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Republicans and Telecom CEOs Threaten Legal War If FCC Makes the Internet a Utility

The FCC chairman is under pressure from liberal advocacy groups to apply stronger regulations to the Internet.

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(UGUR CAN/AFP/Getty Images)

Liberal advocacy groups are begging the Federal Communications Commission to turn broadband Internet into a heavily regulated public utility. And FCC Chairman Tom Wheeler is starting to indicate that he will hesitantly, cautiously consider the option.

The move would give the agency broader authority to enact net-neutrality rules that require Internet providers to treat all traffic equally.

 

But Republicans and the broadband industry have a message for Wheeler: Don't even think about it.

In recent days, top congressional Republicans and the CEOs of every major broadband provider have sent letters making it clear that they would make Wheeler's life hell if he reclassifies how the government regulates the Internet.

House Speaker John Boehner, Majority Leader Eric Cantor, Whip Kevin McCarthy, and GOP Conference Chairwoman Cathy McMorris Rodgers warned Wheeler on Wednesday that applying "antiquated regulation on the Internet" would "needlessly inhibit the creation of American private-sector jobs, limit economic freedom and innovation, and threaten to derail one of our economy's most vibrant sectors."   

 

In a separate letter Tuesday, Senate Minority Leader Mitch McConnell, Sen. John Thune, Sen. John Cornyn, and other Senate Republicans told Wheeler that utility-style regulations "would create tremendous legal and marketplace uncertainty and would undermine your ability to effectively lead the FCC."

Industry groups are firing similar warning shots at the agency.

In a Tuesday letter, the CEOs of Comcast, Verizon, Time Warner Cable, AT&T, and all of the other major broadband providers argued that turning their businesses into utilities would "impose great costs, allowing unprecedented government micromanagement of all aspects of the Internet economy." The new rules would stifle investment, "holding back Internet speeds and ultimately deepening the digital divide," they claimed.

Why You Should Care About Net Neutrality
What exactly is "net neutrality" and why does the FCC want to regulate the Internet?  

 

The executives hinted that they are ready for an all-out legal war over the issue. They said it's "questionable" that the FCC could defend reclassification in court and warned that the agency would face "years—if not decades—of endless litigation and debate." The National Cable and Telecommunications Association and U.S. Telecom, two industry lobbying groups, made similar threats of litigation in their own letters Wednesday.

Liberal groups are urging the FCC to classify broadband as a "common carrier" utility under Title II of the Communications Act because it would give the agency more regulatory power. Earlier this year, the D.C. Circuit Court of Appeals struck down the FCC's net-neutrality rules because the agency relied on weaker authority under Title I.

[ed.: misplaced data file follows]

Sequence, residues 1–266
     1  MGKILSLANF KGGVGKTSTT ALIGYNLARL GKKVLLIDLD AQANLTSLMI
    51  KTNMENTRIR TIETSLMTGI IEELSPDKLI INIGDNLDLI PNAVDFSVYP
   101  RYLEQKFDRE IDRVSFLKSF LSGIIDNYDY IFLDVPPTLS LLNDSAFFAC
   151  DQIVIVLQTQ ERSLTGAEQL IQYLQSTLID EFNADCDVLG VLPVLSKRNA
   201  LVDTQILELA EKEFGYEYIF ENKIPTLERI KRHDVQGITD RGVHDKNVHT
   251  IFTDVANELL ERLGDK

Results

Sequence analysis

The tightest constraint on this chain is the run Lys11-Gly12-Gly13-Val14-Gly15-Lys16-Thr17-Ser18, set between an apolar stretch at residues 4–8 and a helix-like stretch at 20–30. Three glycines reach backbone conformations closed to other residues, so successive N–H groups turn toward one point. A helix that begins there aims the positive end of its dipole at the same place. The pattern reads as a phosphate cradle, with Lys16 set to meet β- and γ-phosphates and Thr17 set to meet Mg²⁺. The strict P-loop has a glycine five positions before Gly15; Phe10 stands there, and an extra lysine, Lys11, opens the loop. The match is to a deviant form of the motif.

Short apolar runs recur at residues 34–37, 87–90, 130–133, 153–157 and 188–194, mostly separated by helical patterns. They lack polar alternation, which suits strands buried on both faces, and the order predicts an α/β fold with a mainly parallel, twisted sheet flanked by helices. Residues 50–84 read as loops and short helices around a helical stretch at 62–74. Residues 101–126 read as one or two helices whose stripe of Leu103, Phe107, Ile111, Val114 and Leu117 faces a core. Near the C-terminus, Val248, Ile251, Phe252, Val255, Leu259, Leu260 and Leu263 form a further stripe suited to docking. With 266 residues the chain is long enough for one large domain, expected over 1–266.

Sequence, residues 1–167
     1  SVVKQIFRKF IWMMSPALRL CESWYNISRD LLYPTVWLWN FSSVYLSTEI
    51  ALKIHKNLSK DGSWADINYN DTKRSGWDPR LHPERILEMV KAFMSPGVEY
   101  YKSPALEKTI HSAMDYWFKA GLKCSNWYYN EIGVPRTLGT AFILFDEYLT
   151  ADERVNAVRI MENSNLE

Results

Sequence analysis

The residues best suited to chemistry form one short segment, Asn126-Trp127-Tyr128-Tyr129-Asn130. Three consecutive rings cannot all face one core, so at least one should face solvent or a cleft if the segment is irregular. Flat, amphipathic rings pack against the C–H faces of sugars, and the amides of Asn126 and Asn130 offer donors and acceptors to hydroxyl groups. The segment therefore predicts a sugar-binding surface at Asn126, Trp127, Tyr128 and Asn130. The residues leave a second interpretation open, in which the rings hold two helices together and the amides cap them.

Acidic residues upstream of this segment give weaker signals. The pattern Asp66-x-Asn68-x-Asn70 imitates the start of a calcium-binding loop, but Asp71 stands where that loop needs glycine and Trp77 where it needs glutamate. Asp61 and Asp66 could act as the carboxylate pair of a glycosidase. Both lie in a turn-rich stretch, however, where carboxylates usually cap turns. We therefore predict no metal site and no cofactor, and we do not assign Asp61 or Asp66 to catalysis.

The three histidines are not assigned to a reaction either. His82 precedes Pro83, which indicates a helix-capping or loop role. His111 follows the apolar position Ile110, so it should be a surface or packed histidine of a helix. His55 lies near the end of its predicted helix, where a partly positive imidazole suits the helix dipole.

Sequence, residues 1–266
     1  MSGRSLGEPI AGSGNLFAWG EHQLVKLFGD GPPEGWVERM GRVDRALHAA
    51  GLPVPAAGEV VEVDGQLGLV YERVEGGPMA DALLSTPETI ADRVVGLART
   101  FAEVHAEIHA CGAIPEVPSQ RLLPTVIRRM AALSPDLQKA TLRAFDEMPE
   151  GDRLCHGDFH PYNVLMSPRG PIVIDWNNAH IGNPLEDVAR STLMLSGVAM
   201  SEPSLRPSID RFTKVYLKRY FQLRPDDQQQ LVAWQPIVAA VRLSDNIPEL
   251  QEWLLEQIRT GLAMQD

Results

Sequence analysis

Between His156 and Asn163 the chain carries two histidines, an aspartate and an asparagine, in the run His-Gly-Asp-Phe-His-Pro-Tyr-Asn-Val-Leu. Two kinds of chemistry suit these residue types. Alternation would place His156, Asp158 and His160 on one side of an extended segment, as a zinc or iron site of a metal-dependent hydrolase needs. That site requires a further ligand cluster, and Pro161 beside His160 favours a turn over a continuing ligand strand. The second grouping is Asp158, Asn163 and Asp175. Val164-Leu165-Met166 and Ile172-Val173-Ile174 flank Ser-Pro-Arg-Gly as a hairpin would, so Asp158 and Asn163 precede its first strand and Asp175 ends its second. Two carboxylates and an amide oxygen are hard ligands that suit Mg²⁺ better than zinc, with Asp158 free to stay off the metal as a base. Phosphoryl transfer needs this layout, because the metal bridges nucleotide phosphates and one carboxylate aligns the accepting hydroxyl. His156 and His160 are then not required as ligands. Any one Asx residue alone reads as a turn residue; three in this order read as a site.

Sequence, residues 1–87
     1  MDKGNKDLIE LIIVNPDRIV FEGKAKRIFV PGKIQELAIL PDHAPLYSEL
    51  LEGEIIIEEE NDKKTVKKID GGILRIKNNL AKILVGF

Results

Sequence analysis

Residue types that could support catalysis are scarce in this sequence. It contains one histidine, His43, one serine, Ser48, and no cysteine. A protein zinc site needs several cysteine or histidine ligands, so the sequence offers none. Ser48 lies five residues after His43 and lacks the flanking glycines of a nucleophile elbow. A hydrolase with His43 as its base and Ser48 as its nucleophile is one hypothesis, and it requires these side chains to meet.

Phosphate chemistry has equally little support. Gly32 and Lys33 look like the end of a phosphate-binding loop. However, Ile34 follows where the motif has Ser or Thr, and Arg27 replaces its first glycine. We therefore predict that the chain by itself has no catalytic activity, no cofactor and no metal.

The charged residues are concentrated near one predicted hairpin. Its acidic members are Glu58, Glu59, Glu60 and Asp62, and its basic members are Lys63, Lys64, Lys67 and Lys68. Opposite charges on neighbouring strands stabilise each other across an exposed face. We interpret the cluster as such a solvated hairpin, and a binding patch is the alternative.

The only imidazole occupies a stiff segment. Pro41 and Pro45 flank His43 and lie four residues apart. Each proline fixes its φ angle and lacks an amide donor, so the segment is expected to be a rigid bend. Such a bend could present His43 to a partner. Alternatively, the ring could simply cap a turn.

Wheeler is now trying to rework the rules under their existing authority without reclassifying the Internet. But to have any hope of surviving future court challenges, he has had to water down the old rules.

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His net-neutrality proposal, set for a preliminary vote Thursday, would bar Internet providers from blocking any websites. But the providers could charge websites for special "fast lanes" as long as the agreements are "commercially reasonable."

The proposal, which first leaked out last month, has prompted an outpouring of public anger. Eleven Senate Democrats, led by Ron Wyden of Oregon, sent a letter last week, warning that the proposal would "allow discrimination and irrevocably change the Internet as we know it."

"Small businesses, content creators and Internet users must not be held hostage by an increasingly consolidated broadband industry," the Democrats wrote.

More than 100 tech companies, including Google, Facebook, Amazon, Microsoft, and Netflix, also urged Wheeler to ban paid-prioritization of Internet traffic.

Members of the Congressional Progressive Caucus have their own letter explicitly calling for Title II regulation, saying it's "common sense."

In response to the public outcry, Wheeler tweaked his net-neutrality proposal to expand a section asking for comment on whether the FCC should use its Title II powers on the Internet. Advocates of Title II regulation, such as consumer groups Free Press and Public Knowledge, argue that the Internet has become an essential part of modern life—much like other utilities such as water, electricity, or the telephone. The government should use its full authority to protect the main communications tool of the 21st century from manipulation by broadband providers, the groups argue.

A Title II classification would trigger a slew of new rules, including price controls and obligations to provide universal service. But the FCC can choose to exempt Internet providers from some of those requirements. 

Wheeler would clearly prefer not to pick a fight with Republicans and the broadband industry over the issue. But he has repeatedly said the option is still on the table.

"If someone acts to divide the Internet between 'haves' and 'have-nots,' we will use every power at our disposal to stop it," Wheeler said recently before a conference of cable executives.

"I consider that to include Title II. Just because it is my strong belief that following the court's road map will produce similar protections more quickly, does not mean I will hesitate to use Title II if warranted."

This article appears in the May 15, 2014 edition of NJ Daily.

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